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Learn to Talk Like a Lighting Pro

Key Points
  • The words and phrases associated with lighting can be confusing to non-professionals.
  • These terms provide important insight into lighting technologies and performance measurement.
  • Understanding these terms can help you make more informed purchasing and design decisions.

Most areas of expertise have their own (often obscure) words and phrases, and the lighting industry is no exception. Terminology familiar to lighting professionals can sometimes leave others in the dark. Do you know what a foot-candle is, or the difference between T8 and T5 lamps? These and other terms provide important insight into specific lighting technologies and performance measurement. The following guide may not turn you into a lighting expert, but it will help you make more informed decisions regarding lighting purchases and design.

  • Source:
    Electronic ballast
    —equipment which regulates the starting and operating current for fluorescent and metal halide lamps by delivering high-frequency pulses.
  • Ballast factor—some loss in light output occurs when operating lamps with a ballast. Ballast factor is a percentage figure and measures the ability of a ballast to produce light from a lamp. Ballast factor is determined by dividing the light output of a lamp/ballast combination from the rated output of the lamp. 
  • Coloring rendering index (CRI)—an indication of a lamp's ability to emit individual colors and to distinguish between them. CRI is measured on a scale of 1 to 100. Conventional incandescent lamps have a CRI of 100, while optimal fluorescent lamp CRIs typically range from 80 to 85.
  • Correlated color temperature (CCT)—describes the color appearance of a white light source and is expressed in degrees Kelvin (K). Lamps with a CCT below 3200 K are considered warm or yellowish in appearance (in terms of different shades of white), while those above 4000 K have a cool or bluish appearance. 
  • Economic lamp life—the operating hours during which a lamp provides optimum light output and lighting quality. It is considered a more accurate description than rated lamp life (see below) because it takes into account performance depreciation and the need for replacement. Economic lamp life is generally between 60% and 75% of rated lamp life.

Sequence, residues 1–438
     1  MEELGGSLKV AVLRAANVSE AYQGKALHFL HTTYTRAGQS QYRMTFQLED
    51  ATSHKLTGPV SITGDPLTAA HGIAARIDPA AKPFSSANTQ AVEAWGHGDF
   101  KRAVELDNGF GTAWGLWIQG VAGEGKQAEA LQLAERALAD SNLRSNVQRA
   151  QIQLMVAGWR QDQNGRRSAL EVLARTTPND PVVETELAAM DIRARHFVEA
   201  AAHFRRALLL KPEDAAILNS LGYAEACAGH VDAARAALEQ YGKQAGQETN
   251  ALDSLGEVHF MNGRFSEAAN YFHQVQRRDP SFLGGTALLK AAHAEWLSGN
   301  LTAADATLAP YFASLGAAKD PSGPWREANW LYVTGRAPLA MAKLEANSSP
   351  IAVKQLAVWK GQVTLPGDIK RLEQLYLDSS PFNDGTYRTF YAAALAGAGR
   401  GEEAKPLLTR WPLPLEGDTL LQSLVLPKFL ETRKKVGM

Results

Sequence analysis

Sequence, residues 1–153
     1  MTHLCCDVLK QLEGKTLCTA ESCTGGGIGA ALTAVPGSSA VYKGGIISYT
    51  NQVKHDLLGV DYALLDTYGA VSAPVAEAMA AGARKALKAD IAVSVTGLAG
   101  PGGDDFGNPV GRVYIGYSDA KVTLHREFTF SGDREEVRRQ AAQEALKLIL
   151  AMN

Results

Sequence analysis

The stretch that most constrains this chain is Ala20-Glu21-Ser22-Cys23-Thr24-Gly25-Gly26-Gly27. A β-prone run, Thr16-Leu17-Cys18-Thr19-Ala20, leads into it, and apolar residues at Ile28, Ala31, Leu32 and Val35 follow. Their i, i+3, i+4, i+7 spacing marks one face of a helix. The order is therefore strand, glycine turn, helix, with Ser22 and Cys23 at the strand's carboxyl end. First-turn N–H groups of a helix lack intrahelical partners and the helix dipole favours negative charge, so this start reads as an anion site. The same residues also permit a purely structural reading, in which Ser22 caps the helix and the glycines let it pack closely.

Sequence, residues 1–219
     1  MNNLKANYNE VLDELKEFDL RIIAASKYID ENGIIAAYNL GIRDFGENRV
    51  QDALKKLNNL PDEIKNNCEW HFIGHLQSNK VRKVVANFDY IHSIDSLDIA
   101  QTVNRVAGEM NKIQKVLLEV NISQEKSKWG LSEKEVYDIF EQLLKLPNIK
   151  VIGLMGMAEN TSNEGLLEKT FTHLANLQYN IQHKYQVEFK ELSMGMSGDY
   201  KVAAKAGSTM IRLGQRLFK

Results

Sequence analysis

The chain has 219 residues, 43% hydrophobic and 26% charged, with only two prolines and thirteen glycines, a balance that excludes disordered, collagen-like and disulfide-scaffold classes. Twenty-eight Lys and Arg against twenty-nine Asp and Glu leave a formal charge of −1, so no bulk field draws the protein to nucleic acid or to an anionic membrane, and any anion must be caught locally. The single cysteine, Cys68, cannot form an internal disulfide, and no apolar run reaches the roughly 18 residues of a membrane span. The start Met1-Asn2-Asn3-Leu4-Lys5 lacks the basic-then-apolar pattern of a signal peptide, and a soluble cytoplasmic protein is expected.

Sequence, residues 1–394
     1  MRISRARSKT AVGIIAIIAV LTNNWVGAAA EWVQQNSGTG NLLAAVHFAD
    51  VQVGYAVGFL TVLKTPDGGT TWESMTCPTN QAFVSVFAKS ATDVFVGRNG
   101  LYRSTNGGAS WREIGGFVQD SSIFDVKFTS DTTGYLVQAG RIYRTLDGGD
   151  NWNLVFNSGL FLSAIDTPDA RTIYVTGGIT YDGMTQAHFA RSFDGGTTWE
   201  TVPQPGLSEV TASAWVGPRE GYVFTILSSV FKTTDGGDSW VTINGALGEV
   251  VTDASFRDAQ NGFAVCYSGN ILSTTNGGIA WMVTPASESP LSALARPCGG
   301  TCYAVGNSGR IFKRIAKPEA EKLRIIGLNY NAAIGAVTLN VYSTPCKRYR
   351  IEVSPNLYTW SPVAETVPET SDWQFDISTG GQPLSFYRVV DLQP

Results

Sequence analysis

• Efficacy—the amount of light output of a lamp compared to the power input, efficacy is indicated in lumens per watt (LPW). A lumen (see below) is a measure of the visible light produced by a light source. A 100-watt bulb with a light output of 1,600 lumens has an efficacy of 16 LPW.
  • Footcandle—a measure of the light intensity or illumination of a space. A footcandle is equal to one lumen per square foot of space. Organizations such as the Illuminating Engineering Society of North America (IESNA) provide lighting intensity recommendations for specific tasks and spaces in footcandles. For example, IESNA recommends that office space lighting range from 60 to 75 footcandles.
  • Initial light output—the light output of a lamp (measured in lumens) after 100 hours of operation at 25°C. This is often used as a baseline to measure lumen depreciation over time.
  • Lumen—a measure of the visible light produced by a lamp. Lumens are units of luminous flux, which is the range of frequencies the human eye perceives as light. For example, a candle typically produces 13 lumens of light, while a 100-watt bulb emits 1,600 lumens.
  • Lumen maintenance—the light output of lamps depreciates over time. Lumen maintenance is a percentage figure that measures the change in light output of a light source during its operational life, based on its initial measured light output.
  • Luminaire—also known as a fixture, a luminaire is a lighting unit consisting of lamps, as well as the components which hold the lamps, connect them to a power source, and distribute the light.
  • Lux—a measure of luminance in lumens per square meter. One lux equals 0.093 footcandles.
    Fluorescent tubes
  • Rated lamp life—the expected life of a specific type of lamp according to laboratory testing. The average life is the point at which 50% of lamps tested are still in operation.
  • T12, T8, and T5 lamps—specific types of commonly used tubular fluorescent lamps. The T stands for tubular, while the number refers to the diameter of the lamp in eighths of an inch. For example, a T8 lamp has a diameter of one inch or 8/8 of an inch. Most tubular fluorescent lamps use a bi-pin base that attaches to the fixture.
  • Watt—a unit of measure for electrical power. It describes the energy used by a lighting device while it is in operation, not its actual light output.
For information about specific lamp types and their advantages and disadvantages, see Lighting Choices: Measuring and Comparing Performance. You can access our Lighting Calculator and other resources that can help you save energy and reduce your operating costs by visiting our Tools You Can Use menu.     
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